The final new addition to environmental interactivity is the Blessed elements, which will grant various boons and even provide buffs to the majority of characters who passed through it. Blessed Water will heal a character every time they move through the blessed surface, Blessed Poison will grant a turn of health regeneration and Blessed Oil grants Fortification (an effect which recovers physical armour to resist attacks of mundane origin).

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Cursed Poison, like many of the Cursed Surfaces in the game, is covered in writhing worm-like creatures.

Much like their mundane counterparts, Blessed and Cursed elements can be used to set off reactions, such as poisoning a puddle of cursed water and turning it into a puddle of cursed poison or setting blessed oil alight to create blessed fire. Players are unable to stack Blessed status effects however and will lose them if the Blessed Oil they are standing in is set alight.

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Blessed Surfaces (such as this Oil) have a tendency to glow.

The introduction of the new Curse & Bless mechanic really brings the themes of fighting back against the Void into the combat of the game, pushing players to manage their environment in ways entirely different to that of the first game. Divinity Original Sin 2 also boasts some absolutely beautiful animation work for spells, with each race having their own poses for certain spell types, with wonderful animations to match their aesthetic. It really helps bring a sense of the character drawing power from the universe around (or beyond) them and bringing it all back down into one almost cinematic movement of power & elegance.  It only further helps the sense of wonder when playing a magical character in Divinity Original Sin 2 thanks to the choice of Seven schools of ‘traditional’ magic and the three schools of ‘martial’ magic (NOTE: The definition of ‘traditional’ and ‘martial’ is a one of my own choosing, Martial refers to the schools of War, Scoundrel & Huntsmen).  It should also be said that players can combine two spell books from different schools of Magic and come out with a hybrid spell, such as combining Necromancy & Pyromancy in order to create: Mass Corpse Explosion. Yes, it does exactly as it sounds.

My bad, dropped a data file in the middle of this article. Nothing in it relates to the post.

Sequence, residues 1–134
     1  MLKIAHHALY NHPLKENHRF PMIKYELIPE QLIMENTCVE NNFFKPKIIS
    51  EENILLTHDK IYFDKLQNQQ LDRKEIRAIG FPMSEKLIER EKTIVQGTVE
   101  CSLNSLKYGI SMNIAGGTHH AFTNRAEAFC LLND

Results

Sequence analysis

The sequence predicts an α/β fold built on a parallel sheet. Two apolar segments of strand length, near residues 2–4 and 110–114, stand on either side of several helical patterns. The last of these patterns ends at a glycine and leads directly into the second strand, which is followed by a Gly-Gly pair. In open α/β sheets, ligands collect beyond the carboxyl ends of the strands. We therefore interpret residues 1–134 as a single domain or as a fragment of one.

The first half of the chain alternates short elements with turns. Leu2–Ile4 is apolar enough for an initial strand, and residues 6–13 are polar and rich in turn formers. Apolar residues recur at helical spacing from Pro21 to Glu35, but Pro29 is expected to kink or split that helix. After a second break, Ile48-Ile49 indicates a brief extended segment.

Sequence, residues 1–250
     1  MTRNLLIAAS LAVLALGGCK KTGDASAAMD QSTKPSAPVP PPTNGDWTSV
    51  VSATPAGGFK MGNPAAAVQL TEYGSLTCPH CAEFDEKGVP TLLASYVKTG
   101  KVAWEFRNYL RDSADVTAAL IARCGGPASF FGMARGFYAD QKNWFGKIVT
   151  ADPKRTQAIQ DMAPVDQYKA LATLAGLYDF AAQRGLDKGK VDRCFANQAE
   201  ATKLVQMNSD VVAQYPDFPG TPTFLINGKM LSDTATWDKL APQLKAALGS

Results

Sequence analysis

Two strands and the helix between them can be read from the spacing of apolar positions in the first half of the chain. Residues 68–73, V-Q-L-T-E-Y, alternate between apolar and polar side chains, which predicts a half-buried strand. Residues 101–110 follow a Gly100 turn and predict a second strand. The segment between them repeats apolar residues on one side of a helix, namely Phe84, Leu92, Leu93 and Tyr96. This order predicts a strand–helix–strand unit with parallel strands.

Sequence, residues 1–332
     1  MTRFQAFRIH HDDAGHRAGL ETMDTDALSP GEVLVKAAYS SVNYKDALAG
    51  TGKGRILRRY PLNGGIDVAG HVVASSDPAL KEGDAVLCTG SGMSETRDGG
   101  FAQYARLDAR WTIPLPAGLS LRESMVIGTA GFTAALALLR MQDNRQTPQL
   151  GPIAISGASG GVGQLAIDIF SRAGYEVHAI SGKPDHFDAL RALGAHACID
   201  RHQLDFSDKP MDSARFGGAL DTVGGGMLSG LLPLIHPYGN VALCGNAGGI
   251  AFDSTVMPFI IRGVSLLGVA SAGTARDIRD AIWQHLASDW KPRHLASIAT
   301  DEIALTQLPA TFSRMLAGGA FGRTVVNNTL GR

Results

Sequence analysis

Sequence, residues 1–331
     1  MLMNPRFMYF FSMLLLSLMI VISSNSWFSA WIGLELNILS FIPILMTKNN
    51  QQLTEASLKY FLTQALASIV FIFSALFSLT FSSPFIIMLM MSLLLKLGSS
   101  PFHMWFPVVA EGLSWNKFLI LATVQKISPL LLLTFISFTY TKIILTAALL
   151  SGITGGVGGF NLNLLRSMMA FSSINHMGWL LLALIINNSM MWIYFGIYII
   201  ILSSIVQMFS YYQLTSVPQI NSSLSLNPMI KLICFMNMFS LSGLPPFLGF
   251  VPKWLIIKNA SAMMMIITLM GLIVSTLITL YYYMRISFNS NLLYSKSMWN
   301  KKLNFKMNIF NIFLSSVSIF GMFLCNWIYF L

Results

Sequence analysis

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Divinity Original Sin 2 is seeing a console release & PC re-release on August 31st, 2018.

Divinity Original Sin 2 hands-down has a Magic mechanic that feels like no other, the nearest thing I can think of as a comparison would be Magicka, but even then (in my opinion) Divinity Original Sin 2 manages to deliver a weighty feeling to each spell. My biggest problem with the way Magic is treated in Divinity Original Sin 2 is that to newer players, it can easily seem overwhelming when trying to get your head around which element causes what to explode or what will make your party member who is low on health literally explode.